However, it would not be the same way we do it today: scan a PDF and email it. We would get real, easy-to-use electronic records management with legally binding biometric signatures. This would not be expensive technology, it would be a service that your local post office, UPS, FedEx and DHL would provide (to compensate for their loss of “next-day mail” revenue). Companies like Amazon would also likely accelerate Kindle and competing technologies (for people who just cannot wait for that book).

2. Move to commodity telepresence

Without airplanes we really would no longer be able to fly to meetings, conferences and collaborative work sessions. We would have two choices: co-located with everyone with whom we work or actually use remote collaboration technology. Our world is too global to go back to co-location.

However, today’s collaboration technology is too far from a real face-to-face experience to let us stop travelling. There is new telepresence technology; however, it is too expensive for everyday use.

This need would drive something that looks like the virtual reality units you see on TV, but acts more like telepresence. You would put on glasses, a microphone and ear bugs and plug them into your computer to virtually attend conferences, meetings, etc. You would use your mouse to point to things to change (imagine lots of mouse pointers on a screen as once). You would also have the same visual quality that you have in person. Finally, all of this would be available for a small monthly fee.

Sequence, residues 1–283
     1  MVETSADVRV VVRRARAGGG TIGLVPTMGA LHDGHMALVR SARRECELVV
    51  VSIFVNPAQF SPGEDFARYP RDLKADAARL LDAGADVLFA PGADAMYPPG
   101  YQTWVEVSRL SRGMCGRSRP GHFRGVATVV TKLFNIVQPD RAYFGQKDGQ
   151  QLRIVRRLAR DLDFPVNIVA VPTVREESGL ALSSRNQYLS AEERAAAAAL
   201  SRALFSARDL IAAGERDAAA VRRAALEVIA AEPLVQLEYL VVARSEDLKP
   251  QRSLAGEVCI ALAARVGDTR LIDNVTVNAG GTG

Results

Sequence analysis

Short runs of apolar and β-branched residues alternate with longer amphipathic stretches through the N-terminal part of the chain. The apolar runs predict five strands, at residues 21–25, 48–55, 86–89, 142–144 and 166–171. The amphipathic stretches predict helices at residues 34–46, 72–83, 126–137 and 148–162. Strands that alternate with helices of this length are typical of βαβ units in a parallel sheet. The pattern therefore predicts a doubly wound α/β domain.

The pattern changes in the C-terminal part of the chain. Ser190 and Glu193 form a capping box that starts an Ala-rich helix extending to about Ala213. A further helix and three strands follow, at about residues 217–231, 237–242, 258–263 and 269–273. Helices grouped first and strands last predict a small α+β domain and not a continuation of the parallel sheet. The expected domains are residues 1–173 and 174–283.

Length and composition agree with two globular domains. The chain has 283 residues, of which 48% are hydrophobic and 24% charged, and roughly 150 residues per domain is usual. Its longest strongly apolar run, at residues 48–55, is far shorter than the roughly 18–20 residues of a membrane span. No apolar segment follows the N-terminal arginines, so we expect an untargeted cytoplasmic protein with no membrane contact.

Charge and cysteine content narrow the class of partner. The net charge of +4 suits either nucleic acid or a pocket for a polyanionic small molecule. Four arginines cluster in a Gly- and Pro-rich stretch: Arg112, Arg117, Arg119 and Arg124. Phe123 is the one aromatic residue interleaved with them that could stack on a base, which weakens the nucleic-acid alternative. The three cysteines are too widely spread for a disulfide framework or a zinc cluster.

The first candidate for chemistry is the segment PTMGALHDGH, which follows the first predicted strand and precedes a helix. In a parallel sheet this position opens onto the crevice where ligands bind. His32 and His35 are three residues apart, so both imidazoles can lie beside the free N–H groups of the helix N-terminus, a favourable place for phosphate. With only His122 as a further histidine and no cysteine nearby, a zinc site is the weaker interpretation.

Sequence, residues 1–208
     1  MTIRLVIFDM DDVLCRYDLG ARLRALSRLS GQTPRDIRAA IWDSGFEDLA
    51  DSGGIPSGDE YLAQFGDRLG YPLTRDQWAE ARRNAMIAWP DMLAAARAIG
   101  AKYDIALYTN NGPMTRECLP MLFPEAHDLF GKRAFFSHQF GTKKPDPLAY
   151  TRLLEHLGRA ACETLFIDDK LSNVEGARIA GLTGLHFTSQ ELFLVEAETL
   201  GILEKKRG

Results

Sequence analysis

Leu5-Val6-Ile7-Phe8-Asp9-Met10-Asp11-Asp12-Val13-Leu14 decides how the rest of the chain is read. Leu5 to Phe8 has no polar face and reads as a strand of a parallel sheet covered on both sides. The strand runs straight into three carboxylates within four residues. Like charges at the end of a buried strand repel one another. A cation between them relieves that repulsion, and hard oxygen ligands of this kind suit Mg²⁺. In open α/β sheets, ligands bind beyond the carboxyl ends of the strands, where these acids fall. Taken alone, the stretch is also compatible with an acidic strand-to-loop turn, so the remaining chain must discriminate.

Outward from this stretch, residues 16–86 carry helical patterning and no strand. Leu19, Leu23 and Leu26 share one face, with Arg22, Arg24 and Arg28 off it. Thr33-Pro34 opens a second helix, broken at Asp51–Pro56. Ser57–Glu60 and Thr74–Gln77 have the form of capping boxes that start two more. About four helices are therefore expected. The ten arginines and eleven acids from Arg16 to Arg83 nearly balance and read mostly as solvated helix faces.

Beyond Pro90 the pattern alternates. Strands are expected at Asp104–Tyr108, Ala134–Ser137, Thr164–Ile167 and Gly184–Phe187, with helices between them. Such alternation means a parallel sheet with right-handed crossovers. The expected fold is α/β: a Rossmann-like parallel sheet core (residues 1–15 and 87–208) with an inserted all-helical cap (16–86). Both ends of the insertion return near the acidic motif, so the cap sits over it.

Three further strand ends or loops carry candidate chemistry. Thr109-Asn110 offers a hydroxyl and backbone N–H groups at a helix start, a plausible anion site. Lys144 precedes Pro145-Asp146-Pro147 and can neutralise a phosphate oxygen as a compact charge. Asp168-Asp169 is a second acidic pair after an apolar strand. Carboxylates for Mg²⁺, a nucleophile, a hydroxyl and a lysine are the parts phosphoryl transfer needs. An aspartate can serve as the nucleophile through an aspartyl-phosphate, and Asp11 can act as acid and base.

3. Telemedicine would become routine

Today if you get sick or injured and need a specialist to operate on you, you get on an airplane and visit his or her offices. Without airplanes, this would no longer be possible. The answer would be telemedicine.